Facilities of Glass Fiber Preform Characterizations

    The state-of-art facilities of Ortac Group allow utilizing the characterization tools of glass fiber preforms including Optical Microscopy (DIC, Dark and Bright Fields), Polariscope, MOPS®, Preform Analyzer and Wavelength Dispersive X-ray Spectrometer (WDS attached to Scanning Electron Microscopy (SEM)). Additionally, Ortac group also utilize the spectroscopic techniques such as Photoluminescence (PL) Spectroscopy, Photoluminescence Excitation (PLE) Spectroscopy, UV-VIS-NIR Absorption Spectroscopy, lifetime measurements, Fourier-Transform Infrared (FTIR) Spectroscopy, Confocal Raman Spectroscopy and X-ray Photoelectron Spectroscopy (XPS).  The main tools, which are Polariscope, MOPS®, Preform Analyzer and WDS, are briefly introduced here:

    1.    Polariscope

    Polariscope (purchased from Optacore ®) as a first quality check is utilized just after glass fiber preform production. Bubbles, defects, inclusions, inhomogeneities doping and/or other impurities can be detected along the preform. Preforms are fixed from one side in order to locate it between two crossed polarization filters. These polarization filters are attached to a slider so that the defects can be detected all along the preform.  A white light obtained from a halogen lamp is directed longitudinally to help form a minute defects present in the preform.  There is one magnifying lens to and a ruler to record the position of the defect. On the other hand, due to using two polarization filters, the polarization of the light transmitted from the magnifying lens can be changed which allow us to differentiate the core, the clad and their interface. This can also give an impression on the difference in the doping concentrations in core region of the preform at various locations. 

    Polariscope and the preform images at two different polarizations

    2.    MOPS-Yb (Measurement on Preform Slices for Ytterbium)

    MOPS is an instrument developed by Optacore to estimate the Yb concentration of a cross-section of a slice cut from the glass preform. The technique is based on the average attenuation of a diode laser light at 976 nm corresponding to a certain amount of Yb+3 ions.

    The spot size is made around 100 µm thus a detailed analysis on the Yb distribution can be succeeded.

    The slice is placed in a holder which is then inserted inside its unit in the MOPS-Yb. The measurement is completed in a circular direction in the cross-section. Therefore, the number of angles and the diameter of the measurement (circle) is required to start the measurement. For the angles of 20 and 2 mm in diameter, the measurement will be completed less than 20 minutes. In summary, the technique is quite handy for a quick estimation of the distribution of the Yb-concentration within the whole cross-section. The results are shown in the real time and can be ceased at any point.

    3.    Preform Analyzer

    The preform analyzer is a device which permits to determine the relative index profile of the preform so that the relative index difference Dn between the core and the clad can be obtained. The locations at various angles can be determined by the user and chosen prior to the measurement. The preform is inserted in the measurement cell in which the preform is manually moved to choose the desired positions. The measurement is based on recording the deflection function. For each measurement, one corresponding deflection function is recorded       which is then automatically converted upon choosing the RIP. By this technique, the core size, inner clad size and the numerical aperture (NA from the Dn) of the preform ca be estimated. On the other hand, the defects or inhomogeneities along the preform can also be understood using this technique. Then, the optimum positions of the preform for the fiber drawing are determined.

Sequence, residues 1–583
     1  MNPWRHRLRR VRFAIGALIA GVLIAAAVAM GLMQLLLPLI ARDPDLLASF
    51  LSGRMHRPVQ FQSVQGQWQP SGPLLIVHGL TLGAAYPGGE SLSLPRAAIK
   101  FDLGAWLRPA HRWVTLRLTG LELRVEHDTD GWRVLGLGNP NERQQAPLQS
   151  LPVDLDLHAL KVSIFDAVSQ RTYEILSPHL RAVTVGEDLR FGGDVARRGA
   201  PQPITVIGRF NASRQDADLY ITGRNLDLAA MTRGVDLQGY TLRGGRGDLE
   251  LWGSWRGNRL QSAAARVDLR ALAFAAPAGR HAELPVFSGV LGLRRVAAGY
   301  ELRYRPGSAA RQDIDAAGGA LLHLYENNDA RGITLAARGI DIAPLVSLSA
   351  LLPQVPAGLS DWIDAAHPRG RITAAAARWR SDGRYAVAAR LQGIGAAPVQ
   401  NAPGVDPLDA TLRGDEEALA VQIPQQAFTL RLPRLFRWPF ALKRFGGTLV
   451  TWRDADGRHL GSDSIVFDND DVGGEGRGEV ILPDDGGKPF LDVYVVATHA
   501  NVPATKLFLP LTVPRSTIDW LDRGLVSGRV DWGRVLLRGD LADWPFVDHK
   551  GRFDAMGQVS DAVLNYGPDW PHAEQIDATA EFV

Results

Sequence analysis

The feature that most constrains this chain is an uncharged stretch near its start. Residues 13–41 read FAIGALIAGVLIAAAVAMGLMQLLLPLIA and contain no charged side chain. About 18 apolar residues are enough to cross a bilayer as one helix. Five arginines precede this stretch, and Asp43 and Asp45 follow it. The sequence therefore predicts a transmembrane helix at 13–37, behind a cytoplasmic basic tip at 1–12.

4.    Wavelength Dispersive X-ray Spectroscopy (WDS)

    Wavelength Dispersive X-ray Spectroscopy (WDS) is used for the quantitative microanalysis of the radial distribution of the elements present in the polished preform slices. The technique uses the characteristics X-rays formed upon the bombardment of the energetic electrons. Thus, the elemental constituents in the cross-section are determined with a better resolution that energy dispersive X-ray spectroscopy. Furthermore, it allows us to identify the elements typically an order magnitude lower than EDS. This is particularly important since low Yb concentrations can be detected precisely. The spectrum and the results in terms of percentage weight and atomic percentage are reported.       

    The WDS spectrometer (from Oxford Instrument®) is located inside the High-resolution Electron Microscopy (NOVA NanoSEM, FEI) which is operated within a clean room environment. The spectrometer consisting of multicrystals is capable of changing the crystals on-the-fly. This makes the WDS technique quite user friendly and relatively faster compared to the previous versions. It also allows us to do a quick scan for only one element in the region of interest at a wavelength range. Depending on the chosen element and the range (for the characteristics X-rays), one of four different crystals could be chosen. Using this technique, we can detect elements at very low concentrations (e.g. ppm levels) from light elements such as Beryllium (Be) and Boron (B) to lanthanides including Neodymium (Nd), Erbium (Er) and Ytterbium (Yb). The technique is used first by standardization process which is conducted by the standards whose constitutes are known. This process is repeated for each voltage. Only then, the measurements at various potential and the beam currents can be performed. For example, for light elements, low potentials such as 5 kV at relatively lower beam currents (e.g. 2.5 nA) are chosen to improve the sensitivity of the technique.

    WDS (from Oxford Instruments) spectrometer in NanoSEM